Worse Than Expected: Consumer Prices Up 8.3% in April

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Inflation retreated in April but remained higher than forecast.

The Department of Labor said Wednesday that the Consumer Price Index rose 8.3 percent compared with a year ago. Prices were up 0.3 percent compared with the prior month.

This is the eleventh straight month of inflation above 5 percent. Prices rose at an annual rate of 8.5 percent in March. This was the month since September 2021 that the year-over-year inflation figure was not higher than the month earlier.

Economists had forecast CPI to rise by 0.2 percent for the month and 8.1 percent compared with a year ago.

Core CPI, which excludes food and energy, rose 0.6 percent, well above the 0.4 percent estimate. Compared with a year ago, core prices were up 6.2 percent, above the 6.0 percent expected.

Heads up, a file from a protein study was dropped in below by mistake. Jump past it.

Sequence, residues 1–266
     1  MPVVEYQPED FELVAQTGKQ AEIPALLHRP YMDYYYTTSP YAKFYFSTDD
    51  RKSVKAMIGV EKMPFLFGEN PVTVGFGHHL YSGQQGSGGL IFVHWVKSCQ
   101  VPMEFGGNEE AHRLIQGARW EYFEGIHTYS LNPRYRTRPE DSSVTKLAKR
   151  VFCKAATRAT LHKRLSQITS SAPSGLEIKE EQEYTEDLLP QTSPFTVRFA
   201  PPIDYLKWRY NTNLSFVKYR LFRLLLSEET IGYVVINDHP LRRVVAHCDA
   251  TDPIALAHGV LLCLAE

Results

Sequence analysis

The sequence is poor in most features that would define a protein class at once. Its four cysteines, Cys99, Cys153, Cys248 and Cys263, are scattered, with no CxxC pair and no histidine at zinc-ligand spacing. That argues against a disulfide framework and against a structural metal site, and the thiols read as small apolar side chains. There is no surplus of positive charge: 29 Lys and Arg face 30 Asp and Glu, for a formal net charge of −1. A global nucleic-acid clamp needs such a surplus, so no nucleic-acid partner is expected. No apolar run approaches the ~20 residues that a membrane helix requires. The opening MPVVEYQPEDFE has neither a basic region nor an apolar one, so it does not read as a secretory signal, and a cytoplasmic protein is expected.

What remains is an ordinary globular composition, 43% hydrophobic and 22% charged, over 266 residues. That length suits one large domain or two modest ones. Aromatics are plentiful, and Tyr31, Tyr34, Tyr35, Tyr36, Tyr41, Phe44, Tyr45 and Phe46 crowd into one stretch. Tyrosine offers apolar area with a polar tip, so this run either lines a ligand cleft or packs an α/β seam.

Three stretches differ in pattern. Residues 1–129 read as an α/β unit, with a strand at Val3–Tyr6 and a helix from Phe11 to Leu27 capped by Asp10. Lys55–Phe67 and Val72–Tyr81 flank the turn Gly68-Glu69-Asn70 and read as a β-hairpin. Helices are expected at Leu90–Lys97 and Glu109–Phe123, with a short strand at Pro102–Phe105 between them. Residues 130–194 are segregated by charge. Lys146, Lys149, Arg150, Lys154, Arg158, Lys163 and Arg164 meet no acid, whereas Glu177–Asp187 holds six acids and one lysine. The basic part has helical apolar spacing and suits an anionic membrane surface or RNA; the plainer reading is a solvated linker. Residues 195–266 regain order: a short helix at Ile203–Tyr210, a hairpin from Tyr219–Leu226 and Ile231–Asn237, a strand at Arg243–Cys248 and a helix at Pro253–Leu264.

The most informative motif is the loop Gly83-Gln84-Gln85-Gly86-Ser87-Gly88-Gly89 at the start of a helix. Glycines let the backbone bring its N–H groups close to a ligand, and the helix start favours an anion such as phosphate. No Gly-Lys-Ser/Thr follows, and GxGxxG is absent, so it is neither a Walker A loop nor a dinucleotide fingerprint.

After inflation average hourly earnings for all employees fell 0.1 percent from March to April, the U.S. Bureau of Labor Statistics said. Real average hourly earnings decreased 2.6 percent, seasonally adjusted, from April 2021 to April 2022.

The futures market showed stocks are likely to sell-off after the worse than expected results. High inflation likely means the Fed will have to raise rates higher and at a faster pace than otherwise to restore price stability.

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